Welcome to our new column Behind the Stick! What’s does that name even mean? Well, it’s slang for getting behind the bar and slinging drinks for paying customers — a fitting moniker for a space for renowned NYC-based bartender Jonathan Lind to impart tales, tips and tricks from his many years in the world of cocktail culture. If there is something you are dying to know, or you just want to say “Hello,” you can reach him at email@example.com. Cheers!
I grew up a non-drinker. I think that this particular detail isn’t special in and of itself; I’d imagine that most children don’t grow up drinking. I, however, also grew up in a dry house and spent time with friend’s whose parents did their level best to keep their personal alcohol consumption a bit of a secret from us kiddos. I’m assuming they were afraid that coming into contact with booze would rot our brains (in retrospect, they may have been right). The end result of this upbringing is that I had neither the knowledge nor the inclination to drink in most circumstances. Sure, I would have an occasional beer with friends, and I definitely had one or two adult beverages when I may or may not have been underage (what’s the statute of limitations for underage drinking…just curious), but my idea of a good time never required the presence of alcohol.
My first few years in the restaurant industry didn’t even involve a restaurant with a liquor license! Eventually I decided to push my career further and interview at one of New York City’s most legendary fine-dining restaurants, Eleven Madison Park. Lo and behold I landed a job as a food runner, delivering plate after plate of the most exquisitely prepared food you can imagine for upwards of 50 hours a week. I didn’t make a splash, let’s put it that way. With zero fine dining experience and quite literally no knowledge of food and wine outside of an astounding love for all things deep fried, I was lucky to have survived the first few weeks. So it was an absolute surprise when I was pulled aside by the then-head-bartender-now-international-cocktail-mogul Leo Robitschek and asked to join the bar team at Eleven Madison Park. Well, technically the conversation was a bit more drawn out than that. He asked if I knew what vodka was. And then gin. And then a cocktail. I admitted to him that I was a bit of a tabula rasa, and tried to joke my way through it. At the time EMP, as well call it, had not quite reached the lofty heights to which it would soon ascend, but even so, by the time my training was “complete” we had acquired our first major award during my time there, the James Beard Award for Outstanding Restaurant in America.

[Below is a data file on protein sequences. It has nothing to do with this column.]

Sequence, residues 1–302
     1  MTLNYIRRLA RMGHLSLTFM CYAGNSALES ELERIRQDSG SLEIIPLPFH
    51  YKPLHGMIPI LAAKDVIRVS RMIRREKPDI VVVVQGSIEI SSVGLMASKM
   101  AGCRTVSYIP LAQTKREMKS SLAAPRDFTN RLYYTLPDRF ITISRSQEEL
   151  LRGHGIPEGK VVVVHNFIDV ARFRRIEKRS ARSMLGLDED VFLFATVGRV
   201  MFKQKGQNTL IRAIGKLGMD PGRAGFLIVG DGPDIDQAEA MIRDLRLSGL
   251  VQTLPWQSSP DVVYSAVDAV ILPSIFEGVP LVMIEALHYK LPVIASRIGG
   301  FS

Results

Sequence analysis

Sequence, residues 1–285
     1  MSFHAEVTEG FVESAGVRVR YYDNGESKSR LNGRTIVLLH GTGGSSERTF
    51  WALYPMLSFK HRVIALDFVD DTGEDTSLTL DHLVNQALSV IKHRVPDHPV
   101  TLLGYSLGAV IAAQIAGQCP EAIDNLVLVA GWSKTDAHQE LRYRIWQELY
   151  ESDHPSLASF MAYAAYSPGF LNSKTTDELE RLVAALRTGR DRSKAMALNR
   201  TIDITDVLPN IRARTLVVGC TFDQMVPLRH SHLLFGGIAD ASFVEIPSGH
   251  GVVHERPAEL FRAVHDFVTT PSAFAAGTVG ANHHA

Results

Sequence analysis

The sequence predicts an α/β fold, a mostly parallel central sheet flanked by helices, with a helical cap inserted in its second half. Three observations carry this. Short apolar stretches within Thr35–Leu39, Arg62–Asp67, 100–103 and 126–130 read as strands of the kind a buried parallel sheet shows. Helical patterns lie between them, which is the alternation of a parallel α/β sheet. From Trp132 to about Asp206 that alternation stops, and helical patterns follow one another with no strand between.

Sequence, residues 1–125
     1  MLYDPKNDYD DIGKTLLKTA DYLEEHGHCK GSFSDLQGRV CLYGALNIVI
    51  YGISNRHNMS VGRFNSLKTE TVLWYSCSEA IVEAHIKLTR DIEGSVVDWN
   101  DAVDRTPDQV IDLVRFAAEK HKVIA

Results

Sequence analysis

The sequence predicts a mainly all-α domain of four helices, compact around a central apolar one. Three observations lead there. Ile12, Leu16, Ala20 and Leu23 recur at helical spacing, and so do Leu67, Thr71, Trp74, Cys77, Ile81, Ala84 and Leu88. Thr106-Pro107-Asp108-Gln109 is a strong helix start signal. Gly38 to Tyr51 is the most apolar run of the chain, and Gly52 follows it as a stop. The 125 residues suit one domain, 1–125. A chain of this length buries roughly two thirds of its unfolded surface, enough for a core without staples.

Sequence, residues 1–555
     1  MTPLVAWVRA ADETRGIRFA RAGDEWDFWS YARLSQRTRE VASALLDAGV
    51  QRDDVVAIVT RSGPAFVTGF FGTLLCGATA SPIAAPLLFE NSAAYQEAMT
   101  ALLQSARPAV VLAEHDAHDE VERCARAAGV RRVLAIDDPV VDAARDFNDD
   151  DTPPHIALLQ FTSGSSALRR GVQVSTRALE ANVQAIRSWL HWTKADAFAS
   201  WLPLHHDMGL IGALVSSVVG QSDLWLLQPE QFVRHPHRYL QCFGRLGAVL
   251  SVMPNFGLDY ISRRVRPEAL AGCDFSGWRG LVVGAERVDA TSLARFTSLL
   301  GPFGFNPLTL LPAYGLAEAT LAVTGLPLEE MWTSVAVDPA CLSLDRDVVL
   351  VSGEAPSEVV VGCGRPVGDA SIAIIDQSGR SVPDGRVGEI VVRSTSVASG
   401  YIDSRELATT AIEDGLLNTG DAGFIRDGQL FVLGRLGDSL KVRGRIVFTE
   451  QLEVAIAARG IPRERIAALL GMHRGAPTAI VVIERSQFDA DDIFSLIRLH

My first bartending job was in the Best Restaurant in America. That’s not a brag, that’s more of a “holy shit can you believe I even survived?!”.
From there it was, and continues to be, an absolute whirlwind of experiences. Over a decade of bar operations ranging from the highest of high end fine dining restaurants to high volume neighborhood cocktail hotspots to clubs in the clouds, I have worked in nearly every type of venue imaginable. I’ve had the honor of training under, and working with, some of the most intelligent culinary minds on the planet, and have been taught more in my time behind the bar about being a decent and caring human being than I ever could have imagined. I’ve also perfected dead-eyed smiles, shutting down unwelcome advances, and gleefully showcasing a fairly impressive breadth of knowledge. Not depth, mind you, I’m a bit of a jack of all trades.